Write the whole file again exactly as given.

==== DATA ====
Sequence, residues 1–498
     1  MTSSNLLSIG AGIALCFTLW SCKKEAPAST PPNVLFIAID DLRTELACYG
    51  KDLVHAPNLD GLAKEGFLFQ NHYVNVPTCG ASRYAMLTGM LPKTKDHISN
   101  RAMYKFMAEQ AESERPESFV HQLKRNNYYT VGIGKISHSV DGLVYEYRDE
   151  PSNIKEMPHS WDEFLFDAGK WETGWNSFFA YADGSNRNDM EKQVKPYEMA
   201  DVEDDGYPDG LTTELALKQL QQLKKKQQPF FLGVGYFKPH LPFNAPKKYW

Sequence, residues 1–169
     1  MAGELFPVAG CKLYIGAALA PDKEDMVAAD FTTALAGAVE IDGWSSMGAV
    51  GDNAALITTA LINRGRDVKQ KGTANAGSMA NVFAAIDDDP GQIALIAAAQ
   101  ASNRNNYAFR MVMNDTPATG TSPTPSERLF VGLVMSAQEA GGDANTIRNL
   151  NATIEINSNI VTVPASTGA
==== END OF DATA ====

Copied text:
Sequence, residues 1–498
     1  MTSSNLLSIG AGIALCFTLW SCKKEAPAST PPNVLFIAID DLRTELACYG
    51  KDLVHAPNLD GLAKEGFLFQ NHYVNVPTCG ASRYAMLTGM LPKTKDHISN
   101  RAMYKFMAEQ AESERPESFV HQLKRNNYYT VGIGKISHSV DGLVYEYRDE
   151  PSNIKEMPHS WDEFLFDAGK WETGWNSFFA YADGSNRNDM EKQVKPYEMA
   201  DVEDDGYPDG LTTELALKQL QQLKKKQQPF FLGVGYFKPH LPFNAPKKYW

Sequence, residues 1–169
     1  MAGELFPVAG CKLYIGAALA PDKEDMVAAD FTTALAGAVE IDGWSSMGAV
    51  GDNAALITTA LINRGRDVKQ KGTANAGSMA NVFAAIDDDP GQIALIAAAQ
   101  ASNRNNYAFR MVMNDTPATG TSPTPSERLF VGLVMSAQEA GGDANTIRNL
   151  NATIEINSNI VTVPASTGA